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Roast Pork Loin with Glazed Apples, Sage & Pecans

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Roast Pork Loin with Glazed Apples, Sage & Pecans

Prep: 30 minutes
Roast: 2 hours 45 minutes
Serves: 8

  • 1 1⁄2 tsp. Our Family® Salt
  • 1 tsp. Our Family® Garlic Powder
  • 1 tsp. Our Family® Ground Black Pepper
  • 4 celery stalks, coarsely chopped (about 2 cups)
  • 1 (5 lb.) Open Acres® Boneless, Center-Cut Pork Loin
  • 2 cans (14 oz. each) Our Family® Less-Sodium Chicken Broth
  • 1 cup pecan pieces
  • 3 medium Our Family® Granny Smith apples, sliced
  • 2 tbsp. Our Family® Unsalted Butters
  • 3 cup Our Family® Light Brown Sugar
  • 2 tsp. chopped fresh sage leaves
  • 2 tbsp. cold water
  • 2 tbsp. Our Family® Cornstarch

1. Place 13 x 9-inch metal baking pan in oven. Preheat oven to 400°. In small bowl, combine salt, garlic powder and pepper; rub mixture over pork. Place pork in preheated pan and roast 45 minutes or until outside is browned.

2. Reduce temperature to 325°. Add broth to pan; cover and roast 2 hours longer or until internal temperature reaches 135°. Transfer pork to cutting board and let stand 15 minutes before slicing (internal temperature will rise to 145° upon standing). Reserve pork drippings remaining in pan.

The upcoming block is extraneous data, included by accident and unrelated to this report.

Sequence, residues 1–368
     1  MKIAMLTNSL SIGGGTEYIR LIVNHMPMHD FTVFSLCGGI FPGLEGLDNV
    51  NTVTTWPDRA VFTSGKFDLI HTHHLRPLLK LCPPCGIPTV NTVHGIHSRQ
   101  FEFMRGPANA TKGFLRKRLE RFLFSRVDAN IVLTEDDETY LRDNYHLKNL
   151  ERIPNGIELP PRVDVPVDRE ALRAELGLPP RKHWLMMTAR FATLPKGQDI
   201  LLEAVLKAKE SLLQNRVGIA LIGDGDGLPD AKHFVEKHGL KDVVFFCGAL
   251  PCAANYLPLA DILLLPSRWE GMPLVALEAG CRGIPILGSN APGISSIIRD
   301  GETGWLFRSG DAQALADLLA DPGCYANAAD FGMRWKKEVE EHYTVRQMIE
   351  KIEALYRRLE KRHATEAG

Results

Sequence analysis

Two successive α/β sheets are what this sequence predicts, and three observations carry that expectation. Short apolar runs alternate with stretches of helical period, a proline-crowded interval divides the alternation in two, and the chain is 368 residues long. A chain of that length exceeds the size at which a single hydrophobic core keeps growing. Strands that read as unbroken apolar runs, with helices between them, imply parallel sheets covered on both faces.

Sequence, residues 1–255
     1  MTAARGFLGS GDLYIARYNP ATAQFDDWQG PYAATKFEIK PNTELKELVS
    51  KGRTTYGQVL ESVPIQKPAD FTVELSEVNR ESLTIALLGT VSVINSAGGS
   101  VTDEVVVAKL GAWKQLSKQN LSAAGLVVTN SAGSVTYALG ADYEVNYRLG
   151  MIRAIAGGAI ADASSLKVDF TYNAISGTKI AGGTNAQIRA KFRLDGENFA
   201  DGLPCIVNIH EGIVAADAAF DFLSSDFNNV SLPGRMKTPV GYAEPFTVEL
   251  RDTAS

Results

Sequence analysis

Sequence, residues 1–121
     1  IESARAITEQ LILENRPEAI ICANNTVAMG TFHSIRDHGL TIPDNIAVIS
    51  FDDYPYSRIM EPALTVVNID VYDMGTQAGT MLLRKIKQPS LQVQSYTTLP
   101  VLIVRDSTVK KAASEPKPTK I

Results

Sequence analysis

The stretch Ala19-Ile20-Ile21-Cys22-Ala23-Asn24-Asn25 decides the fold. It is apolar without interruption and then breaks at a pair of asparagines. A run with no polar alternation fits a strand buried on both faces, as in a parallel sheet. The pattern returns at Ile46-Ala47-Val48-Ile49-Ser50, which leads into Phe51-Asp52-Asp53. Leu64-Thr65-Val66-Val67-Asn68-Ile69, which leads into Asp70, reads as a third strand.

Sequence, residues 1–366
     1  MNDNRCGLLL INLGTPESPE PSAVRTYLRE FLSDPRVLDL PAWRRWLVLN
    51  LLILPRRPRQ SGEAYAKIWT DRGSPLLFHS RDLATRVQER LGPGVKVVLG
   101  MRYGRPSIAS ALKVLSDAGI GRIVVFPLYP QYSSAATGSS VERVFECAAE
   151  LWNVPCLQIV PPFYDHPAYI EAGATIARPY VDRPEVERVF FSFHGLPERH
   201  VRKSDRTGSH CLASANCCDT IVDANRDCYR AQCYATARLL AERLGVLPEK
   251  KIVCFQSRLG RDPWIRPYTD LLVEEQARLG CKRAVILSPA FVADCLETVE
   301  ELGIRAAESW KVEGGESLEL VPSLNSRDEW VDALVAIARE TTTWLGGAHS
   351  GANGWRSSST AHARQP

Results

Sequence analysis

3. Meanwhile, in large nonstick skillet, toast pecans over medium-high heat 8 to10 minutes or until lightly browned, stirring occasionally; transfer pecans to plate. Heat same skillet over medium-high heat. Add apples and butter, and cook 7 to 8 minutes or until apples are lightly browned. Add brown sugar, sage and reserved pork drippings; heat to boiling over high heat.

4. In cup, combine water and cornstarch; whisk into apple mixture and heat to boiling over high heat. Boil 1 minute; remove skillet from heat. To serve, slice pork and spoon apples and sauce over pork; sprinkle with pecans.

Approximate nutritional values per serving: 440 Calories, 22g Fat (6g Saturated), 110mg Cholesterol, 727mg Sodium, 17g Carbohydrates, 2g Fiber, 43g Protein

Chef’s Tip: Fuji or McIntosh apples may be substituted for Granny Smith apples. Almonds or walnuts may be substituted for pecans.

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